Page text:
Mr. Larsen alleged that the filing of criminal charges against him in 1993 was politically motivated because the prosecution was announced after Mr. Larsen made allegations against Justices Zappala and Cappy.
Mr. Larsen’s allegations against his fellow jurists led to the appointment of special prosecutors and the empaneling of a grand jury. Only Mr. Larsen was charged.
From 1981 on, said Bruce Ledewitz, a Duquesne law professor whose work focuses on the state Supreme Court, Mr. Larsen’s judicial tenure was marked by “incredible, impersonal, vituperative conduct by the justices in one episode after another.”
Mr. Larsen even accused Justice Zappala of attempting to run him down with a car in Philadelphia. Those public accusations, Mr. Ledewitz said, led to a loss of the court’s credibility among the public.
Although he had already been removed from office, the impeachment and Court of Judicial Discipline proceedings continued.
In 1993, Pennsylvania voters approved a constitutional amendment that created a two-tiered system to investigate and discipline judges.
Mr. Larsen’s impeachment trial in Harrisburg stretched for weeks and featured 12 hours of testimony from the defendant before concluding Oct. 3, 1994. He was impeached Oct. 4, 1994, on one of the seven counts against him.
The state Senate voted 44-5 to convict Mr. Larsen of improperly meeting with Richard Gilardi, an attorney friend, and deciding on whether to accept or reject appeals based on Mr. Gilardi’s recommendations. Mr. Larsen was acquitted of the most serious allegation — that he kept a special list of cases involving attorney friends and political contributors to earmark for favorable treatment.
Although the state Senate found that Mr. Larsen's criminal convictions were not enough to merit removal from the bench, the legislative body voted unanimously for removal on its own, as well as a ban on his ever holding public office again.
Mr. Larsen’s ultimate criminal conviction and impeachment ushered in a period of overhaul.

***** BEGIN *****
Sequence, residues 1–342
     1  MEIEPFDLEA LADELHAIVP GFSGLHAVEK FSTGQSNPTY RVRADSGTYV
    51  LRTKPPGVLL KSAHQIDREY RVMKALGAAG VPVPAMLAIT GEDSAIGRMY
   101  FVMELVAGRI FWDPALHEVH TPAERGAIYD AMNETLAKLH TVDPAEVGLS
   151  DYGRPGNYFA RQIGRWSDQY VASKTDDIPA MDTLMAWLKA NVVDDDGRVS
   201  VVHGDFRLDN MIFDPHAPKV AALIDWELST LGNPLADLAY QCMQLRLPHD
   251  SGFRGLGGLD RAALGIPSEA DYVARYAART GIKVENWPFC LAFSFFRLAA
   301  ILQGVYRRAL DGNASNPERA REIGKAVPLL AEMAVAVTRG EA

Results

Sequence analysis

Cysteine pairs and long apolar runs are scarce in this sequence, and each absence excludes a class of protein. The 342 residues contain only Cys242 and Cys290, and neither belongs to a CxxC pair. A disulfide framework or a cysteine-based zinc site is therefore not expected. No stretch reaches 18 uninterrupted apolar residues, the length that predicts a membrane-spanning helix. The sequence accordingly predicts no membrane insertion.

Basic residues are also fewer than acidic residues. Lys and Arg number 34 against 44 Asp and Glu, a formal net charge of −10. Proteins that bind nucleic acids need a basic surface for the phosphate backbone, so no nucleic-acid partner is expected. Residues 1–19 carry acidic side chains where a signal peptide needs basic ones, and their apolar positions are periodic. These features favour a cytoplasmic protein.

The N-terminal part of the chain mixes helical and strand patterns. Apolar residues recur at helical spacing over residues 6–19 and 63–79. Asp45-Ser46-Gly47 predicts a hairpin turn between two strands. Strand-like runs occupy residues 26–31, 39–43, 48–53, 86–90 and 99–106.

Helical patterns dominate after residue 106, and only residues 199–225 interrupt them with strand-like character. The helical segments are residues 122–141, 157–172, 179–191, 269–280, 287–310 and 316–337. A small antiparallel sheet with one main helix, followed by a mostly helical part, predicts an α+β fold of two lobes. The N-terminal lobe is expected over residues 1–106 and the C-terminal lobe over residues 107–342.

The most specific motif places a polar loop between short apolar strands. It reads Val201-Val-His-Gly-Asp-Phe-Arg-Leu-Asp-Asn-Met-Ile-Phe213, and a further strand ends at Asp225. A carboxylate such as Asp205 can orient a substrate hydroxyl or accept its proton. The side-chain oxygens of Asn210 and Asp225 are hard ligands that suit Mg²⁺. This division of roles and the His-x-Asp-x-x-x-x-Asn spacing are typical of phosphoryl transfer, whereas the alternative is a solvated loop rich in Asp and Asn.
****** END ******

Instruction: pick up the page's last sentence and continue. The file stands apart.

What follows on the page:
“Clearly, change occurred because of the Larsen episodes,” Mr. Ledewitz said.
In the criminal case, Mr. Larsen was charged in October 1993 with using his employees to obtain Valium and other medications for him to treat severe depression and anxiety. He had feared revealing his mental illness publicly.
The scheme began in 1981, prosecutors said, when Mr. Larsen asked his Downtown physician to write prescriptions in the names of his court employees. They would then have them filled and turn the medication over to their boss.
The jury before Common Pleas Judge W. Terrence O’Brien deliberated over two days before returning its verdict in April 1994. Jurors acquitted him of 14 counts of drug fraud but found him guilty of two counts of criminal conspiracy.
At his sentencing, the prosecution asked that Mr. Larsen be removed from the bench.
Judge O’Brien did just that and also ordered Mr. Larsen to serve two years’ probation.
The state Superior Court later upheld the conviction.
Five years later, in 1999, Mr. Larsen went on trial before the Court of Judicial Discipline, where he was found guilty of violating ethics rules and later disbarred.
Mr. Larsen’s daughter, Nina of the North Hills, said he was “an amazing man, a wonderful father, grandfather, brother, uncle and friend. He was strong in body and mind and one of the smartest, [most] well-informed people I knew. He was brilliant and a fighter till the end. I loved and adored him.”
Lynn A. Marks, executive director of Pennsylvanians for Modern Courts, a statewide, nonpartisan organization focused on court overhaul, said Mr. Larsen’s legal travails had a silver lining for the state’s citizens.
“It led to a constitutional amendment strengthening the way that Pennsylvania judges are disciplined for misconduct in Pennsylvania. They needed to have a new judicial discipline system. His case gave it legs,” Ms. Marks said. Before that, “The Supreme Court had to deal with disciplining one of their own.”
Ms. Marks also remembered Mr. Larsen for a dissent he wrote in a 1980 case that involved whether statements by a sexual assault victim to a counselor at Pittsburgh Action Against Rape were confidential. The woman’s statement had been subpoenaed and although everyone assumed it was confidential, no legal privilege covered what she had said. PAAR refused to release its records.
The State Supreme Court held that such statements had a limited privilege.
Mr. Larsen, “in an elegant dissent, said that conversations between rape victims and their counselors should be privileged. He basically was our hero,” Ms. Marks recalled.
Soon after that case was heard and argued on appeal before the state Supreme Court, women’s groups persuaded the state Legislature to pass a law granting a confidential privilege to statements sexual assault victims made to counselors.
Funeral arrangements were unavailable.
Marylynne Pitz: firstname.lastname@example.org or 412-263-1648. Paula Reed Ward: email@example.com or 412-263-2620. First Published August 12, 2014 11:04 AM